Rachel Reeves, Britain’s First Female Chancellor, Turns to Janet Yellen for Inspiration

After 14 years in the shadows, Britain’s Labour Party has returned to governing. And the country’s first female chancellor of the Exchequer, Rachel Reeves, is faced with the tough job of restoring Britain’s economic growth prospects and ending a decade and a half of stagnation.

For inspiration, she has turned to another glass-ceiling-shattering woman, on the other side of the Atlantic: the U.S. Treasury secretary, Janet L. Yellen.

Ms. Reeves was named chancellor on Friday after the Labour Party won a majority in Thursday’s general election. Now in charge of Britain’s budget, she is expected to pursue an economic agenda influenced by Ms. Yellen, whose policies have encouraged job creation and a manufacturing investment boom in the United States.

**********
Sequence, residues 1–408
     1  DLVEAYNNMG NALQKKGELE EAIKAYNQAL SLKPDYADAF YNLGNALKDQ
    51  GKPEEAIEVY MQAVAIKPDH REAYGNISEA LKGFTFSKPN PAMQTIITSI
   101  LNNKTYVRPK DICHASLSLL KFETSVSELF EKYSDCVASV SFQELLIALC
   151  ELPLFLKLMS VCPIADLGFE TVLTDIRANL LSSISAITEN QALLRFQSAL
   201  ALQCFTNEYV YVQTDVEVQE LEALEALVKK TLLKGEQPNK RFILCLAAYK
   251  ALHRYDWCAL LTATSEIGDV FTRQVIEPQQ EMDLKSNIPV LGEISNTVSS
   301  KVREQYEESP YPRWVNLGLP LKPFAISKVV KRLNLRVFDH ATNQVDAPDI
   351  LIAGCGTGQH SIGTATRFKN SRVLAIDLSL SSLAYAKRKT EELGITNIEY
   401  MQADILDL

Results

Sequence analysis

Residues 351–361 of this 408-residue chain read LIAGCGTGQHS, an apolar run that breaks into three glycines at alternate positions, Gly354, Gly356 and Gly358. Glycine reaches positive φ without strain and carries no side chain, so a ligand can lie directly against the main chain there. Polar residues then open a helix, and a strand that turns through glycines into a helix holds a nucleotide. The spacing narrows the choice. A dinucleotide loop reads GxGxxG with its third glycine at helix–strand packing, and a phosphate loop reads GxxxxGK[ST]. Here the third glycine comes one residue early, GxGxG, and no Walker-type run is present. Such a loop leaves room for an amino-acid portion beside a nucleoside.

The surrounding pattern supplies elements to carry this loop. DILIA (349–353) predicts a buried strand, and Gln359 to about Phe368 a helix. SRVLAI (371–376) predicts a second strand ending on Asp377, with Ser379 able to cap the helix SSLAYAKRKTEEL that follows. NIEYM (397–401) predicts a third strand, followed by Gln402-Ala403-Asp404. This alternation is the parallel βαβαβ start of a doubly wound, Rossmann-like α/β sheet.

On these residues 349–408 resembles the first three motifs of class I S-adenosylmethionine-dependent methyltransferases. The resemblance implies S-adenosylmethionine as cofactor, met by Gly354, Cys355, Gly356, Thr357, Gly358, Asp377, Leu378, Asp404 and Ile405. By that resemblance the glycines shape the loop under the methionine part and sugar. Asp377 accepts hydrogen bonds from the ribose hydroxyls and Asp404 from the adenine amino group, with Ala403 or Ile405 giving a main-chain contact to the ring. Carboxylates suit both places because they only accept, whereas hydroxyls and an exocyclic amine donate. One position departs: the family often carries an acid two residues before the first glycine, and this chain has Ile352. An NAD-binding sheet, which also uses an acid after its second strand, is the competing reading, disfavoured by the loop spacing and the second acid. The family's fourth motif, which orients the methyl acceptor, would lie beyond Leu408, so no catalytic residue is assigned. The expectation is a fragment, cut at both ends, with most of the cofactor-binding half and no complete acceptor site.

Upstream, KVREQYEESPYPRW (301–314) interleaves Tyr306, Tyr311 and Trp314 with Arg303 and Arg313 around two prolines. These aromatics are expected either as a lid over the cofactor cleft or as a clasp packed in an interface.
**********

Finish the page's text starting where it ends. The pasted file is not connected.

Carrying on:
Ms. Yellen’s “modern supply-side economics” aims to bolster economic growth by increasing the number of workers and raising productivity while reducing inequality. In practice, that has meant giving companies incentives, through subsidies and tax cuts, to invest in the United States and generate jobs at home, particularly in emerging green sectors.

Ms. Reeves, 45, calls her version “securonomics,” a portmanteau word that means ensuring “resilience for our national economy and security for working people,” she said in March. It’s also likely to mean a more activist government. The Labour Party has drawn up an industrial strategy and has plans for a national wealth fund and a publicly owned energy company.

“Much of my securonomics approach has its roots in Yellen’s modern supply-side economics,” Ms. Reeves wrote in a book published last year.

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